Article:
My husband and I recently became convinced that when it comes to family tourism, nothing beats a visit to one of America’s great national parks. A park trip combines all the things we’d ideally want children to soak up when sight-seeing: nature, adventure, history, and, perhaps best of all with young kids, space to explore without fear of someone getting left behind on the subway platform. And, oh: Compared to a big, bustling city, or, for godsakes, a theme park, the cost tends to be right, too.
For our first big park trip, we stayed close to home, and went to the first East Coast national park ever created: Acadia National Park in Maine. None of us had been there before, which was ideal: Part of the magic of a great family trip is experiencing something amazing together for the first time—like Thunder Hole, where the Atlantic surf crashes into a cave-like break in the craggy Maine rocks to create a huge wake and roaring sound.
Our appreciation of the awesomeness of our national park system has only grown since finding out that several times a year, park admittance is free. This weekend (April 20-22, 2017), for instance, admission is free at all 412 national park sites. That includes the biggies—the 59 “main” parks (think Acadia, Grand Canyon, and Redwood National Forest) as well as national military and historic parks (like Gettysburg).There’s no doubt a park near you that you’ve been meaning to explore—or didn’t even know about. For help in finding your next destination, go to this easy “Find Your Park” tool on the NPS site.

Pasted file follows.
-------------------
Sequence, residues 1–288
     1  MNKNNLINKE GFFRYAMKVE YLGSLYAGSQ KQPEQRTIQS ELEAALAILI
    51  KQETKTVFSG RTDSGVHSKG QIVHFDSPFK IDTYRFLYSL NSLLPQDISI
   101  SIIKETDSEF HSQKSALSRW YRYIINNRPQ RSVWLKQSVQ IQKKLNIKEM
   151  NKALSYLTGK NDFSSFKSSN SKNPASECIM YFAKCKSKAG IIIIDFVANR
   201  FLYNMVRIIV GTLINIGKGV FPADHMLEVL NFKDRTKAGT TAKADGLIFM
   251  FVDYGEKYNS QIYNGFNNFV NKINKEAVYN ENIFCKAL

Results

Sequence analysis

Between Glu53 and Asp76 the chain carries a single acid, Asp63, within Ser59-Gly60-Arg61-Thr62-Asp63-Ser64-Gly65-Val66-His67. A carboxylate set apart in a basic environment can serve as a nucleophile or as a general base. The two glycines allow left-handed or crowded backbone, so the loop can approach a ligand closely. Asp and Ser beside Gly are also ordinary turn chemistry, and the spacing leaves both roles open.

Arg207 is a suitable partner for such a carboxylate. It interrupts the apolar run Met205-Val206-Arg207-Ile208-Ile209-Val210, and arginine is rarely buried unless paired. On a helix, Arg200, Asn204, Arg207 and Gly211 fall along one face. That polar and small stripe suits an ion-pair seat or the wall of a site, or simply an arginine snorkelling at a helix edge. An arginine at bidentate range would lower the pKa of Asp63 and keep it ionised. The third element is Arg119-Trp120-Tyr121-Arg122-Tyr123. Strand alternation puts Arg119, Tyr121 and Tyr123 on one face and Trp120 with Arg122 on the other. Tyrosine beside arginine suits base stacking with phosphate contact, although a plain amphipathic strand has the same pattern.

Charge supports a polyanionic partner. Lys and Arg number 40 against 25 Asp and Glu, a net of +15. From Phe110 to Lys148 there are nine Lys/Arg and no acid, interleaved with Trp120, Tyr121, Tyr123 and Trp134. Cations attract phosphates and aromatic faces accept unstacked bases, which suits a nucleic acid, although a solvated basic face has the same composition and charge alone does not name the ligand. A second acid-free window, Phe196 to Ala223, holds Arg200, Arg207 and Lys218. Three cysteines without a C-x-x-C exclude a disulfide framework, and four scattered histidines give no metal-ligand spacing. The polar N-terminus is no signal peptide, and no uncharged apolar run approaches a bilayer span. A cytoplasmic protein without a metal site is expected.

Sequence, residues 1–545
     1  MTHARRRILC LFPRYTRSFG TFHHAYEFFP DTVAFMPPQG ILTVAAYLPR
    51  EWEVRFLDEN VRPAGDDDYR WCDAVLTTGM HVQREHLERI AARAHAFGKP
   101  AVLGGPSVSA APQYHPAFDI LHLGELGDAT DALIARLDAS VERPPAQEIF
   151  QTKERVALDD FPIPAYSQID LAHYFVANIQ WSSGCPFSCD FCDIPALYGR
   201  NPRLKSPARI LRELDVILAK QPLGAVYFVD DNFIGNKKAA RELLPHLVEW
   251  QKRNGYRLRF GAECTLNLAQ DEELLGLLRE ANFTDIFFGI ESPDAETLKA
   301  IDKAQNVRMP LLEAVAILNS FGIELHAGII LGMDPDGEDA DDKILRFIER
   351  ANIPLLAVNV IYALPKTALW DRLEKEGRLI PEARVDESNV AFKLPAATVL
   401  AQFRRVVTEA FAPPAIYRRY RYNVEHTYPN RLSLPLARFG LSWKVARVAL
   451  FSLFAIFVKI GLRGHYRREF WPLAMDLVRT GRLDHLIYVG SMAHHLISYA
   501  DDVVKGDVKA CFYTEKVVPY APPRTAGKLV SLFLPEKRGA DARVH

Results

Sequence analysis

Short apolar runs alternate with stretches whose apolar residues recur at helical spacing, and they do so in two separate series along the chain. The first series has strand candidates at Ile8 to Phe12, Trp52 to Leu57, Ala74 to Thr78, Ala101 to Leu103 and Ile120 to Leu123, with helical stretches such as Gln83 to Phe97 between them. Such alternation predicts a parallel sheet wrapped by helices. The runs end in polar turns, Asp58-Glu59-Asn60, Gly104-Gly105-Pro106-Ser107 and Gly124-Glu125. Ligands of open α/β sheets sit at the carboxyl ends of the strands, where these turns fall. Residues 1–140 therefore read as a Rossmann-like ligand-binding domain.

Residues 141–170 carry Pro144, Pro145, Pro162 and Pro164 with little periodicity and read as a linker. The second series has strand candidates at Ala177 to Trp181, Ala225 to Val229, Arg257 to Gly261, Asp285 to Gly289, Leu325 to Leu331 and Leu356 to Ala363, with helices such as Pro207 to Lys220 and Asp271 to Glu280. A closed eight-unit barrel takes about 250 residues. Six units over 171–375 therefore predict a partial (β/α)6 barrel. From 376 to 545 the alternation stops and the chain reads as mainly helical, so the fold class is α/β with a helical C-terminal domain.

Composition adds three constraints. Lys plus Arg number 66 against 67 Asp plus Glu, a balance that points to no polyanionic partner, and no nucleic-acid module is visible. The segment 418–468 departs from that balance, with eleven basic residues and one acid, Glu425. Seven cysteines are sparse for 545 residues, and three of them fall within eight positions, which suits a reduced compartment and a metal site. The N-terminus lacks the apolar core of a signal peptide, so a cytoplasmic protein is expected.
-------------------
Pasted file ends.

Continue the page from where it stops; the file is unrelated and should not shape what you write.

For bigger trips, consider planning now for a summer 2017 or spring 2018 visit. The best hotels and campsites around popular parks fill up fast. See charts of most popular destinations as well as most underrated (and, score, under-trafficked) spots, below. Get kids involved and excited about planning with a book: Younger ones will like the new Our Great Big Backyard, the surprisingly entertaining read created to commemorate the NPS anniversary by Laura Bush and daughter Jenna. Older elementary- and middle-schoolers can bookmark their bucket-list faves in National Geographic’s National Parks Guide USA.
10 Most Visited National Parks (with links)
|Great Smoky Mountains (North Carolina and Tennessee)|
|Grand Canyon (Arizona)|
|Rocky Mountains (Colorado)|
|Yellowstone (Idaho, Montana, Wyoming)|
|Grand Teton (Wyoming)|